Despite Public Perception, Border Crime, Illegal Immigration Down


Despite the widely-publicized death of Robert Krentz, a mild-mannered Arizona rancher who was shot to death this year on his vast property, the rate of violent crime at the border as well as illegal immigration have been declining, says the New York Times. While thousands have been killed in Mexico's drug wars, raising anxiety that the violence will spread to the U.S. FBI data show that Arizona is relatively safe. Judith Gans of the Udall Center for Studies in Public Policy at the University of Arizona said that “self-serving perception bias” seems at play. Both sides in the immigration debate accept information that confirms their biases and discard, ignore or rationalize information that does not.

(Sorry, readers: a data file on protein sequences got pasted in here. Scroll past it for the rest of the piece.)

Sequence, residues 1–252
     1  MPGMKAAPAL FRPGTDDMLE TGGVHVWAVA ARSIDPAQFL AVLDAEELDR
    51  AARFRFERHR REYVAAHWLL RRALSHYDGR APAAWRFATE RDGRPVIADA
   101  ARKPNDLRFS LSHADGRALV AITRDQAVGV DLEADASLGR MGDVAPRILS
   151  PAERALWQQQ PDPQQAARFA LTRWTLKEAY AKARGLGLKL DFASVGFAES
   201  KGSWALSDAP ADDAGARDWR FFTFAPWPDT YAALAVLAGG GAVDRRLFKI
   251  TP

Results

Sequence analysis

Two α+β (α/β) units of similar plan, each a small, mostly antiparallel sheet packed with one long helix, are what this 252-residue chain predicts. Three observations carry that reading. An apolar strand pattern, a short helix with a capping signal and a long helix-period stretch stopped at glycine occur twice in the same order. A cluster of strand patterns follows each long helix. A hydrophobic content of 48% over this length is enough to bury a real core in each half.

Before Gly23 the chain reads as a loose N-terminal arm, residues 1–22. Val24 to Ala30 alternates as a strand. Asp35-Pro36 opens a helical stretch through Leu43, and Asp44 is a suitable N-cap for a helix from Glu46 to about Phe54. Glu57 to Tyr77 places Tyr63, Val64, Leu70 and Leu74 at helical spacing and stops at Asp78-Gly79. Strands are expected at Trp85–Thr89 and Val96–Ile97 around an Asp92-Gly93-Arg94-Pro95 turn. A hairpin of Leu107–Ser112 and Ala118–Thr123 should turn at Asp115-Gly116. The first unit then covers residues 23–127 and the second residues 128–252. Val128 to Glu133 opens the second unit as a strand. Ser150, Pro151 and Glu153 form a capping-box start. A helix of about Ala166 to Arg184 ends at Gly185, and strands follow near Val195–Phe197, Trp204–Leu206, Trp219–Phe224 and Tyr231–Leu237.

“If an illegal immigrant commits a crime, this confirms our view that illegal immigrants are criminals,” she said. “If an illegal immigrant doesn't commit a crime, either they just didn't get caught or it's a fluke of the situation.” Gans said sponsors of Arizona's controversial immigration enforcement law have made careers of promising to rid the state of illegal immigrants through tough legislation. “Their repeated characterization of illegal immigrants as criminals – easy to do since they broke immigration laws – makes it easy for people to ignore statistics,” she said. Crime statistics are abstract. It takes only one well-publicized crime, like Krentz's shooting, to drive up fear.

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